It’s been a while since us adults have been at school, (no need to say quite how long!) and it’s not uncommon to feel out of the loop with reading strategies. So buffing up on approaches to reading (that’s what we’re here for) will prepare you for supporting you little person on their reading journey.
Sounding out the sounds each letter makes, rather than using the letter names, is a great strategy for attempting unfamiliar words. So, ay-tu for ate. Separating the words into sounds, or chunks, also helps with reading, so ha-ppy for happy. If you notice your child has made an error as they read, prompting them to think if the word sounds right, or reading on to understand the rest of the sentence may be all that’s needed to encourage them to check that one word. Suggesting other cues, such as does the word look like any others you are familiar with, for example highlighting the -ing in swimming. Checking the pictures can also help. And don’t be afraid to ignore that one error if you feel raising each misread word with your child might be impacting on their reading confidence.
Ever watched a movie based on a book you’ve read? It can be fun to spot the similarities and differences. Search for a movie based on a book familiar to your child. Charlie and the Chocolate Factory is always a good one. Then settle in for some serious comparison. Discuss where the movie deviates from the book and invite children to share which version they preferred.
Everyone knows popcorn is for movies. And what better way to enjoy the cinema than with a choc-top. But what about book snacks? Well, here at Cleverbean we think they could become the next big thing. And how about matching them to the text, so hosting a tea party with chamomile tea and cake when reading The Tiger Who Came to Tea, by Judith Kerr, or a tasty fruit platter for snuggling up with Piranhas Don’t Eat Bananas, by Aaron Blabey. Associating a snack with book time can make it feel more of a leisure activity.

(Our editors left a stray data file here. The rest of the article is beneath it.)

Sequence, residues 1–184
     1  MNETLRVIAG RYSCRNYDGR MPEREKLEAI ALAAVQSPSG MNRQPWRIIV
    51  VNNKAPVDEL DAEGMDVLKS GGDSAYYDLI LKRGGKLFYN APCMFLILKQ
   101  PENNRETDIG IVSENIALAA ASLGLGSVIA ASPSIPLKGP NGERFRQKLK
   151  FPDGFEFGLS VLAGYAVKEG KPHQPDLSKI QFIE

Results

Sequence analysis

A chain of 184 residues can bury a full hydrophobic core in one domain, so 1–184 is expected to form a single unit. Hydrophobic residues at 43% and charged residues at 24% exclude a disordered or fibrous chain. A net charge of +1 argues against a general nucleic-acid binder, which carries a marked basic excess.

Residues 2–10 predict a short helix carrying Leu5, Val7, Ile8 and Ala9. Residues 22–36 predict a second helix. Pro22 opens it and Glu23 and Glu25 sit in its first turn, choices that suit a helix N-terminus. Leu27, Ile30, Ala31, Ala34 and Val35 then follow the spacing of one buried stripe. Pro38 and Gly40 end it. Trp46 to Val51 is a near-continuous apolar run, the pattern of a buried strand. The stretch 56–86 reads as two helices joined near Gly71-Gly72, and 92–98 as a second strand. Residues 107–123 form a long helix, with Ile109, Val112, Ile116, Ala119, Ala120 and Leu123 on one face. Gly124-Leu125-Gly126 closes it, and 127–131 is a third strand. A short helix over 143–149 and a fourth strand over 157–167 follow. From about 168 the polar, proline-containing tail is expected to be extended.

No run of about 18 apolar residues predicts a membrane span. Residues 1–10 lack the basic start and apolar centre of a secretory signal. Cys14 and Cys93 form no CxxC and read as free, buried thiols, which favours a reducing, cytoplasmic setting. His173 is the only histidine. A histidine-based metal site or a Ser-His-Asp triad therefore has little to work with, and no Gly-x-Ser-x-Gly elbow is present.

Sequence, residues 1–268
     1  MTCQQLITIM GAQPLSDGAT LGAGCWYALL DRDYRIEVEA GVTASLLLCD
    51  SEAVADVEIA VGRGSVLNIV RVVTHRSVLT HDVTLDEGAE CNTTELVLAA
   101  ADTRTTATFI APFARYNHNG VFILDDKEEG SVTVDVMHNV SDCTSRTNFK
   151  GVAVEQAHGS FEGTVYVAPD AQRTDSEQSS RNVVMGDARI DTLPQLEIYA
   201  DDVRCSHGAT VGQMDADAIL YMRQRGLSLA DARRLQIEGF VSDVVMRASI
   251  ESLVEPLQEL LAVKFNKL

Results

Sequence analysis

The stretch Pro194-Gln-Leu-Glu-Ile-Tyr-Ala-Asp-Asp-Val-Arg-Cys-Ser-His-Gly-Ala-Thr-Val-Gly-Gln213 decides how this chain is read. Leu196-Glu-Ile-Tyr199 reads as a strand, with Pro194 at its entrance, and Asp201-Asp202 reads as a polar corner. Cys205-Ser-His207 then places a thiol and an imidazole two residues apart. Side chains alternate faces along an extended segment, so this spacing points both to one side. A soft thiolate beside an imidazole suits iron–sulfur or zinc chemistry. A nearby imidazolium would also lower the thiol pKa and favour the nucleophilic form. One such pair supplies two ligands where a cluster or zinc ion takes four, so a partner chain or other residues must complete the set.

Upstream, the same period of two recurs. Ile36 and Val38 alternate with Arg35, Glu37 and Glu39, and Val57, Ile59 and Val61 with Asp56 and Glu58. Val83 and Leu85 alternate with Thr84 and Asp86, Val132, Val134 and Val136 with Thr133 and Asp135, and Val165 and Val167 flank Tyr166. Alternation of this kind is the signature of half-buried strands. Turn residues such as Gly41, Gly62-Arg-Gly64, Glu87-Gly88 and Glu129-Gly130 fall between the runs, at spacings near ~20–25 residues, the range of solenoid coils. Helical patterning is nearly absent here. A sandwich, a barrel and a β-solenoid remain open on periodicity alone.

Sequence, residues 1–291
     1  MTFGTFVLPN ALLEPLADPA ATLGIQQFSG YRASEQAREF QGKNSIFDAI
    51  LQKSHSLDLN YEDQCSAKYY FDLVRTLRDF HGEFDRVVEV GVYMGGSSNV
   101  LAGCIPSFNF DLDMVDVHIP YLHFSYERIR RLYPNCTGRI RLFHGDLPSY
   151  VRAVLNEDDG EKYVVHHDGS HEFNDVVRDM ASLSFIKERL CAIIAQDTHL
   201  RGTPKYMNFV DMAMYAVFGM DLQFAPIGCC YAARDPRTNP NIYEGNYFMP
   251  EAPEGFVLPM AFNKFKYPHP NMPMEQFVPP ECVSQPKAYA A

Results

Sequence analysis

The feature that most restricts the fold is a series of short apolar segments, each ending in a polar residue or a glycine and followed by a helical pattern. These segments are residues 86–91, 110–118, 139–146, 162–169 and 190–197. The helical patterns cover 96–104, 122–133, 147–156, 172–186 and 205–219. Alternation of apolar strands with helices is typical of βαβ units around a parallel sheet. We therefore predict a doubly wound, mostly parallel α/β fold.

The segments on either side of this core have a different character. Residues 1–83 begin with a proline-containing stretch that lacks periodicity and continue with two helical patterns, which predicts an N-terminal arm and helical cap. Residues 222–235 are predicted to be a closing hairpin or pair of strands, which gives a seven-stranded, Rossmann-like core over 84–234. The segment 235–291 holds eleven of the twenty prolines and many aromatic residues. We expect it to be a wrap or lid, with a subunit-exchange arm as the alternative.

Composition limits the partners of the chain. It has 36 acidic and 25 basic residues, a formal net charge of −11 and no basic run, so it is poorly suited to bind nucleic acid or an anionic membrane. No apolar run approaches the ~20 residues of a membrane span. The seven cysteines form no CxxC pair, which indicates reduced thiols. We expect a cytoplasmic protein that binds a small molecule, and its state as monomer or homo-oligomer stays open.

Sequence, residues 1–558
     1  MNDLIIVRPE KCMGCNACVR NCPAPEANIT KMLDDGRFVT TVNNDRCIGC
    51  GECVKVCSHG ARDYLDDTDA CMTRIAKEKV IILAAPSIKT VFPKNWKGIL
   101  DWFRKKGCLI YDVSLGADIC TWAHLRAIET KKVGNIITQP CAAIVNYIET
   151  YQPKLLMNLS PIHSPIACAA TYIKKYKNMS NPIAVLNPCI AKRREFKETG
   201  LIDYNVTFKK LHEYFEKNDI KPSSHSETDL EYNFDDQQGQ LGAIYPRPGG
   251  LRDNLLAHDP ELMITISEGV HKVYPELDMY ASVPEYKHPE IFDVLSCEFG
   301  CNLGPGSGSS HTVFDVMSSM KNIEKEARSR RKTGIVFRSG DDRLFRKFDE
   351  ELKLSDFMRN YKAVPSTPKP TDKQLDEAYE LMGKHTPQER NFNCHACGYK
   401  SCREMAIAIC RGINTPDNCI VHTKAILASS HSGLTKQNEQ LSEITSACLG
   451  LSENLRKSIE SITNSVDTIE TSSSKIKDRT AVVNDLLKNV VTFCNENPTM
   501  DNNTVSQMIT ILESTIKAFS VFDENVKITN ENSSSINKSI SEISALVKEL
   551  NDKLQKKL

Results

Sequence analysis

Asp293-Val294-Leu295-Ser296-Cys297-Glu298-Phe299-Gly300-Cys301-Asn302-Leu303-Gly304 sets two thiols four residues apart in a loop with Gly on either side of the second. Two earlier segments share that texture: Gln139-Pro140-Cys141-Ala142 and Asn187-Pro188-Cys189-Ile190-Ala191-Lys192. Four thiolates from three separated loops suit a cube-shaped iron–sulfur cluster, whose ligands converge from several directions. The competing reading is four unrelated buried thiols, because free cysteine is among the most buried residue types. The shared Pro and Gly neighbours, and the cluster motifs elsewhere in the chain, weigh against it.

Ramp up the fun by role-playing elements from the books you read. Hide a stuffed bear around your home then tell children you’re going to search for it, after reading the much loved book, We’re Going on a Bear Hunt, by Michael Rosen. Use material or old clothing to be the swishy grass, stomp through mud in the park to hear the squelchy sound or splash in the bath, pretending you’re in the river. Even better if you can involve children in creating the role-play, inviting them to recreate a part of the story for you to experience or for their younger sibling or friend.
Host a book sharing playdate, inviting your child’s friends to bring along their favourite books to share. Put up a tent, grab some flashlights and scatter cushions and make it a daytime sleep over. The kids can summarise the books or read their favourite sections and your child can do the same. Be prepared for an impromptu book exchange and for discussions to run right up to bedtime.
Those in Australia are probably familiar with the Premier’s Reading Challenge. The challenge runs over different dates depending on which state you are in. The challenge has already begun in most participating states. This year it runs to 20th August in New South Wales, up to the 3rd September in South Australia, and up to the 18th September in Victoria. In Queensland it opens on the 27th April and runs until 27th August. In Tasmania, a ten books in ten weeks challenge runs from 26th April until 2nd July. Children are required to read a certain number of books from the predetermined list and are rewarded with a certificate for their efforts. In the ACT the Chief Minister’s Challenge runs until the 20th August and there is no set list of books for students to select from. Participating in an official challenge is a great way of motivating children to read. No challenge in your area? No problem. Search for others, or create your own. A simple chart with a set number of books that can be ticked off provides a visual that will surely motivate your kids to keep reading.